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Youngest of Walmart mass shooting's six victims was 16-year old honors student

Fernando ‘Jesus’ Chavez-Barron, 16, of Chesapeake

Fernando ‘Jesus’ Chavez-Barron, 16, of Chesapeake

Chavez-Barron was an 11th grade honor student who had just started driving and had taken a part-time job to help support his family, according to friends and a GoFundMe page set up for the family. The page’s organizer, Tamara Nelson, confirmed by phone that the page was authentic, but she declined to comment further.

“An outstanding son and a great older brother, he loved to build with Legos,” the GoFundMe page says. “He will always be remembered as a humble, affectionate, responsible and hard-working young man. His loss is felt, not only by his family, but by many others in his community.’

Family friend Rosy Perez told The New York Times the teen worked the night shift at Walmart to help support his family.

“I wanted to help out a little bit,” Perez said. He was a very good boy.

Kellie Pyle, 52, Of Chesapeake

Kellie Pyle, 52, of Chesapeake

Kellie Pyle, 52, of Chesapeake

Pyle grew up in Norfolk, Virginia, and moved back to the Hampton Roads region from Kentucky after reconnecting with his high school sweetheart on Facebook.

She and Brian Baker planned to get married next year.

“I have never seen her so happy, except when she was talking about her children,” said a cousin, William Pillar-Gibson.

“This was not just a new chapter for her, it was the best chapter,” Pillar-Gibson. She was a grandmother. Her children were thriving. She was with the love of her life. She was back home.

Pyle had two grown sons in their 20s and a young granddaughter who was “the light of Kellie’s life,” her cousin said.

Pyle had been the caretaker for her parents when their health failed and for her brother when he had a stroke.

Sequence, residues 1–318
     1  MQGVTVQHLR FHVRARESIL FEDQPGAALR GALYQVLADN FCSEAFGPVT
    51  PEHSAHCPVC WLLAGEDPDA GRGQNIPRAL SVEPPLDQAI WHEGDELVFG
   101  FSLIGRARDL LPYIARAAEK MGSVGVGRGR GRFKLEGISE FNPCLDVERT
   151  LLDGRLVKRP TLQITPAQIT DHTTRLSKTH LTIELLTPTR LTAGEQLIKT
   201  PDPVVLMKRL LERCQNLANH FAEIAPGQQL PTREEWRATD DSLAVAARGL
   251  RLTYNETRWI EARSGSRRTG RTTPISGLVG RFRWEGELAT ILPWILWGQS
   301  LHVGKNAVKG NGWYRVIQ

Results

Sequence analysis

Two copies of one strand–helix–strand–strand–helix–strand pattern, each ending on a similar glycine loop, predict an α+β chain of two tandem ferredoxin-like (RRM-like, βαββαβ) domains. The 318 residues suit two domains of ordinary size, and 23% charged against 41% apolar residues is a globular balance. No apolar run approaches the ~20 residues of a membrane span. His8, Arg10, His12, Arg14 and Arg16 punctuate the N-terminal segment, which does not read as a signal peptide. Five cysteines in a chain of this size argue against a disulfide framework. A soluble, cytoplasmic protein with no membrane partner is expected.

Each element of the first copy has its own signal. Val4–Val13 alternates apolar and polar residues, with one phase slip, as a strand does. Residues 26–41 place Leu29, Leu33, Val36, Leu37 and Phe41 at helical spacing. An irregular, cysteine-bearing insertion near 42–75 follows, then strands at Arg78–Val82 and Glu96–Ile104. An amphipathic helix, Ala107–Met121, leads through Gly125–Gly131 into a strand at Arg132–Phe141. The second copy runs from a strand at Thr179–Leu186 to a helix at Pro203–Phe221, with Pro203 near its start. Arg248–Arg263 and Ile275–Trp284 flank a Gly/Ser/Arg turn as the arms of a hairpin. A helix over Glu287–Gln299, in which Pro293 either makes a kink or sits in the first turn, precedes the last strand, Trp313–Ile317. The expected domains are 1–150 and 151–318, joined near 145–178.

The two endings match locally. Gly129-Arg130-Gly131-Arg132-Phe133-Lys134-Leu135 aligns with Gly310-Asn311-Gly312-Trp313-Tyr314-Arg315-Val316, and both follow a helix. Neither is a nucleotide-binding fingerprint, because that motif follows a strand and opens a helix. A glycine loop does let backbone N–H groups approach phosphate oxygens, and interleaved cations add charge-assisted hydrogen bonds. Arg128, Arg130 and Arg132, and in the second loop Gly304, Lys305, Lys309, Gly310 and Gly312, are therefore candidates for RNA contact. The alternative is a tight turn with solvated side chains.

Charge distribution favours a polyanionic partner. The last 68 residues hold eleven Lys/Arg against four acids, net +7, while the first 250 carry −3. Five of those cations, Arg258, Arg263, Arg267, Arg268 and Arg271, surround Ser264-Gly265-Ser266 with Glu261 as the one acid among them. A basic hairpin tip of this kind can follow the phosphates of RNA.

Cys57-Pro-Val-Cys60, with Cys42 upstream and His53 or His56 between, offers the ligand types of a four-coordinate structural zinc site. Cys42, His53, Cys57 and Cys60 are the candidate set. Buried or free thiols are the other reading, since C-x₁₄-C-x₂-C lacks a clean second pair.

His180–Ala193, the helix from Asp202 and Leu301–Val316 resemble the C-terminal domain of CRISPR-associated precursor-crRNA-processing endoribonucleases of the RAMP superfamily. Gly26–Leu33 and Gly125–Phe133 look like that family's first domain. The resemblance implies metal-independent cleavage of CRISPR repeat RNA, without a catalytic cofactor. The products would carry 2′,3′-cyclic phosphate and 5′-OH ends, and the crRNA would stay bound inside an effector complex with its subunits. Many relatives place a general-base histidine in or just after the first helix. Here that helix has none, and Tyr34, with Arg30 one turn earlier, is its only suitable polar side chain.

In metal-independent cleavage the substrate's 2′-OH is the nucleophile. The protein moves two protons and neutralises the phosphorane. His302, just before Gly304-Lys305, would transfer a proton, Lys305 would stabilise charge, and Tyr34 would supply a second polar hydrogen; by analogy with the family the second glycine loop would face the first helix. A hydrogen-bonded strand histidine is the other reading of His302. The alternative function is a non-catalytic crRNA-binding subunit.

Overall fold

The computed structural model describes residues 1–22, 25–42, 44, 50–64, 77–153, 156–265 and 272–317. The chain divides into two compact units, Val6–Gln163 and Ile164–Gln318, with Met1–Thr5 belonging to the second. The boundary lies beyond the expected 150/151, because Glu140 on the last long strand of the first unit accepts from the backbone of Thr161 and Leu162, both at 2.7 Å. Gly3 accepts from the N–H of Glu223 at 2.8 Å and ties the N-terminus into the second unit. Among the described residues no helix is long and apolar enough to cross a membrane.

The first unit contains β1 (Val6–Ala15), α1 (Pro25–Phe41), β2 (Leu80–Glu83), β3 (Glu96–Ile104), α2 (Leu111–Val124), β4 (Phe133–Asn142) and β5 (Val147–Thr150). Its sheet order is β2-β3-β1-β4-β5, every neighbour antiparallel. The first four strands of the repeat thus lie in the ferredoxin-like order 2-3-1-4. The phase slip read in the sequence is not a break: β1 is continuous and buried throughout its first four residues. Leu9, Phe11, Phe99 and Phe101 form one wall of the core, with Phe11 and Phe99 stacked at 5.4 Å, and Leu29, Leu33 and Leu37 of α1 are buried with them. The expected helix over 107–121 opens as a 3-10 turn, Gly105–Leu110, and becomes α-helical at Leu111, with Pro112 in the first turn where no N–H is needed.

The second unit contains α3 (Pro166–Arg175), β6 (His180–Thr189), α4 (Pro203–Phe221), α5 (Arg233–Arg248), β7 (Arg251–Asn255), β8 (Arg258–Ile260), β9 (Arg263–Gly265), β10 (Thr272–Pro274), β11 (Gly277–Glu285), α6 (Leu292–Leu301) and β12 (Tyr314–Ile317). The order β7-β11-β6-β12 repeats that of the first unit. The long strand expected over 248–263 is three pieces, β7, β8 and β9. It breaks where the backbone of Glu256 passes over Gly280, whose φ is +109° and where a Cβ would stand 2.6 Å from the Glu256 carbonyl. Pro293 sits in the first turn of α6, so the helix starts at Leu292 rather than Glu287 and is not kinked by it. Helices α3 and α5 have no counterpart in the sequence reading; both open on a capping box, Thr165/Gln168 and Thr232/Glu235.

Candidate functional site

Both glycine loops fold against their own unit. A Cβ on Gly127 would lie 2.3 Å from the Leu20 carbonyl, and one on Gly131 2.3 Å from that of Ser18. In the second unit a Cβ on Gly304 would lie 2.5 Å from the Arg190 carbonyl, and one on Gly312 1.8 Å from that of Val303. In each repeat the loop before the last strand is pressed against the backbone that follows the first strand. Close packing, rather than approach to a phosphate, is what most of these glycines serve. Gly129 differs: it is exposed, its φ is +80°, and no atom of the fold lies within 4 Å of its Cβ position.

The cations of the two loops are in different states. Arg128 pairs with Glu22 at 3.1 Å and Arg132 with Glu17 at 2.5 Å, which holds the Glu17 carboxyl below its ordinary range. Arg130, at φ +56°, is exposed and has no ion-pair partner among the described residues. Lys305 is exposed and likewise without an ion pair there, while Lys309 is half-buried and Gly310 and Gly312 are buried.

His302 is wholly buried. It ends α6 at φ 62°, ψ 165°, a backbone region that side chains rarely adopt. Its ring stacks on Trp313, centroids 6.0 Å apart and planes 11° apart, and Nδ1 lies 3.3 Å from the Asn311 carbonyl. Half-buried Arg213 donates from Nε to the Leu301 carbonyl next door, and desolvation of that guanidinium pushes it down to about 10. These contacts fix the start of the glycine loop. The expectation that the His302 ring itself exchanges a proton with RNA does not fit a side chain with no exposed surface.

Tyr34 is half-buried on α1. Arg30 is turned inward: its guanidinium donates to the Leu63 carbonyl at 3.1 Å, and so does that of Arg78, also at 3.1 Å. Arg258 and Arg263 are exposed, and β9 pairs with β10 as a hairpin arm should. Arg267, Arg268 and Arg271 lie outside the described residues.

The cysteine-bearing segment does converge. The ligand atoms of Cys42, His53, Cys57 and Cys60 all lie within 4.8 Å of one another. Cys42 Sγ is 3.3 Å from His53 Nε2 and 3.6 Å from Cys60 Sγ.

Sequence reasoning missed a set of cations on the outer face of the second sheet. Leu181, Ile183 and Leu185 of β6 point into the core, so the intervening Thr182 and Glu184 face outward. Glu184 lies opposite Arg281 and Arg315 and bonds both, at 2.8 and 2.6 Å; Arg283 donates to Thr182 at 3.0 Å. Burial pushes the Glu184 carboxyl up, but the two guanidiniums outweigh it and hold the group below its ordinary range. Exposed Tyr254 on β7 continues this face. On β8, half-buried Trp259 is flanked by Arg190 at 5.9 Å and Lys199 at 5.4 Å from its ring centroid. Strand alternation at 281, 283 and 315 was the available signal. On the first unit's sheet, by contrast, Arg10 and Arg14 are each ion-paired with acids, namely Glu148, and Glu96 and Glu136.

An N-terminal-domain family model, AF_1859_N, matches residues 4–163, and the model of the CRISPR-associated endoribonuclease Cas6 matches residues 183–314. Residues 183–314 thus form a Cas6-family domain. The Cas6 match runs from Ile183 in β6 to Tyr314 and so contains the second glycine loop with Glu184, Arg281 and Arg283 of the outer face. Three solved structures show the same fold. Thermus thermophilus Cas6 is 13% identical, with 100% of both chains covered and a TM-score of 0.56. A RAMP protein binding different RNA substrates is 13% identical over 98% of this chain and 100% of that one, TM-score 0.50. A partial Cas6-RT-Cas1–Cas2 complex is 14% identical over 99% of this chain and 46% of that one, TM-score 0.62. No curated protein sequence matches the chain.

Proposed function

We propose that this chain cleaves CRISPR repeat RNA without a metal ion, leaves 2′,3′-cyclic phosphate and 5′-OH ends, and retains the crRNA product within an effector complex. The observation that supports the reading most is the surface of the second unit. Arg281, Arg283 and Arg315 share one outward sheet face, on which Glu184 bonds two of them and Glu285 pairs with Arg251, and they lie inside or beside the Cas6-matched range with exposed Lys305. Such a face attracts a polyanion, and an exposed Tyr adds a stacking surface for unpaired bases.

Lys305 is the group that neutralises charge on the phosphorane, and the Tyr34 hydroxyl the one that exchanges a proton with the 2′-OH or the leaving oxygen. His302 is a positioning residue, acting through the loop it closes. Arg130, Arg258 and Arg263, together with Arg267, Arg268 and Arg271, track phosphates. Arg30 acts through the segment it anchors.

“She handled everything,” Pillar-Gibson said. ‘When something had to be done, she did it. And she experienced a lot of losses.

Pyle recently extended his generosity and care to his fiancée’s mother, Gwendolyn Bowe Baker Spencer.

In a short statement, Spencer said: “We loved her…She was an amazing and kind person, yes she was.”

Brian Pendleton, 38, Of Chesapeake

Brian Pendleton, 38, of Chesapeake

Brian Pendleton, 38, of Chesapeake

Pendleton made sure to be on time. Although his shift as janitor began at 10:30 p.m., he was in the break room when the shooting began shortly after 10 p.m., according to his mother, Michelle Johnson.

“He would always get to work early to get to work on time,” she said. He liked his coworkers.

Pendleton had recently celebrated his 10th anniversary working at the store.

His mother said she didn’t have any problems at work except with a supervisor, Andre Bing, who was identified as the gunman.

“He just didn’t like my son,” Johnson said. “He was telling me that he (Bing) would give him a hard time.”

Pendleton was born with a congenital brain disorder and grew up in Chesapeake, his mother said.

“He called me yesterday before he went to work,” Johnson said. I always tell him to call me when he gets off work.

As he was getting ready for bed, Johnson received a call from a family friend that there was a shooting at Walmart.

‘Brian was a carefree guy. Brian loved family. Brian loved friends. He loved to tell jokes,’ his mother said. We are going to miss it.